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5.1.08

Mirror, Mirror on the Wall, Who Has the Greenest Lawn of Them All?

The grass is greener in front of everyone else’s house. This isn’t some woe-is-me sentiment. It’s pretty much true. Our grass isn’t green. Well, it starts the season with a greenish hue, but the color generally bleeds out by mid-summer. The brittle, sun-stroked, dandelion-infused grass that poses as our front lawn might not look particularly green, but in fact, it’s actually the “greenest” of all. Or so I’ve convinced myself.

We mow it two or three times during the summer. We water on occasion. We never fertilize. Our neighbors down the road mow weekly, water daily, and fertilize. Their grass screams green. Ours sputters out a desperate whimper and feebly limps along through the summer months.

I tell myself we forgo chemicals out of respect for the environment, not out of sheer laziness and neglect. But the truth is, I’ve never actually checked into this. Is it really better for the environment not to fertilize your lawn? Given that Martha’s Vineyard Magazine decided to do a green issue, it seemed like the optimal time to check out my theory.

Mirror, mirror on the wall, who has the greenest lawn of them all?

Well, it’s not exactly us, according to Brian Packish of Packish Landscape Construction in Vineyard Haven. When I spoke to him, Brian had recently returned from a five-day seminar in organic land care. I suppose since his job is landscaping, his interest in helping people obtain a beautiful yard isn’t particularly surprising.

“You don’t have to sacrifice the environment to achieve a good turf,” he assured me. An advocate of soil testing, Brian explained that the first thing people should do is find out which compounds their soil is deficient in.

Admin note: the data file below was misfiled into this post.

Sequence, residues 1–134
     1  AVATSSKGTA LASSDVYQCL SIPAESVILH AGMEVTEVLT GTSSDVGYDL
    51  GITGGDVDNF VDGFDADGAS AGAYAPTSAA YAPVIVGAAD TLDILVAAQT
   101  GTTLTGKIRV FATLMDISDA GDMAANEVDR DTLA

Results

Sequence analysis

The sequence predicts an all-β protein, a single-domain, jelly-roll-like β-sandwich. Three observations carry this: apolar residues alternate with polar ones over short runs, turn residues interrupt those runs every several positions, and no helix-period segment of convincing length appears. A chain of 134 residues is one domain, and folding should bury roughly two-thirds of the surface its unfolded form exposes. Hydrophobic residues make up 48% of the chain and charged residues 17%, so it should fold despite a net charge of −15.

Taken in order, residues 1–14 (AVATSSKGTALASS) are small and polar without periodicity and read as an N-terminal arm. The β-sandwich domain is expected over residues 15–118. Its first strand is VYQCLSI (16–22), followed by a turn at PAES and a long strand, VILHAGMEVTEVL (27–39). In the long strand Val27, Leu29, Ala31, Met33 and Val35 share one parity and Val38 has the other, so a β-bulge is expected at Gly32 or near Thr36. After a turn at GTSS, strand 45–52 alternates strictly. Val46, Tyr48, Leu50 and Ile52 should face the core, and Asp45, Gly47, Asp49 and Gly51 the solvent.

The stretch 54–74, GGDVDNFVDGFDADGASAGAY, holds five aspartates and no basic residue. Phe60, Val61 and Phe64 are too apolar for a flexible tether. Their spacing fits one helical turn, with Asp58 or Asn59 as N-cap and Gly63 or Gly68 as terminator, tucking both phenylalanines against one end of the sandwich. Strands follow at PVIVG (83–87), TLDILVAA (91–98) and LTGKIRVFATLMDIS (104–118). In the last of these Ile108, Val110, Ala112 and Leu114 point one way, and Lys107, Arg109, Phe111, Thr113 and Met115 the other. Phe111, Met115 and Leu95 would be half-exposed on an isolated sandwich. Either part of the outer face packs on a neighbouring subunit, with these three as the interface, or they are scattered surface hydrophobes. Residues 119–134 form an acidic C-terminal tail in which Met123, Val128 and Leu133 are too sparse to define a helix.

“If you perform a soil test, you get back a report that tells you what is missing from your soil, and once you have a balanced soil, then it can support life,” explained Brian. He claims that it isn’t terribly difficult to get balanced soil organically. “Use compost,” he kept suggesting. He did admit that most lawns on the Vineyard will require some lime to lower the pH.

In spite of his eagerness to convince me that a healthy lawn is easily achievable, I still held out hope for the benefits of relative neglect. Midway through our conversation, he had yet to convince me that total disregard isn’t the way to go.

So I asked again:

Mirror, mirror on the wall, who has the greenest lawn of them all?

“There are benefits to having a happy and healthy turf,” he finally explained.

“Oh really?” I asked.

Yes,” he continued. “A properly balanced soil can take advantage of beneficial bacteria and fungi, which will act to continue the life cycle of the soil, which in turn will aid the trees as well as any other plantings.”

Indeed, he was about to dispel my theory. It turns out that by making my lawn healthy, it would be part of a healthy ecosystem. Even the United States Environmental Protection Agency has chimed in on this one: “Healthy grass provides feeding ground for birds, who find it a rich source of insects, worms, and other food. Thick grass prevents soil erosion, filters contaminants from rainwater, and absorbs many types of airborne pollutants, like dust and soot. Grass is also highly efficient at converting carbon dioxide to oxygen, a process that helps clean the air.”

Mirror, mirror on the wall, who has the greenest lawn of them all?

Alas, a lawn that, according to Brian Packish, is “thriving, healthy, and happy on its own legs,” is the greenest of them all.

Brian Packish has four tips for keeping your lawn “green”:

1. Test the soil.

Know your soil’s exact needs before applying any type of lawn product. Two sources for soil testing are the University of Massachusetts Amherst (www.umass.edu/soiltest) or Soil Foodweb (www.soilfoodweb.com).

2. Seed.

Aggressive seeding and overseeding are the best natural choices for weed control. Bare spots are a vacancy sign for weeds to move in.

3. Water.

In summer, lawns in New England generally require one inch of total watering per week (including natural rainfall). Water deeply, but avoid puddling or runoff. Proper water management is essential to healthy turf and the environment.

4. Mow properly.

Keep mower blades sharp. Never cut more than one-third of the grass height per cutting, and mulch the grass clippings. Mowing “high” is the best “herbicide.”

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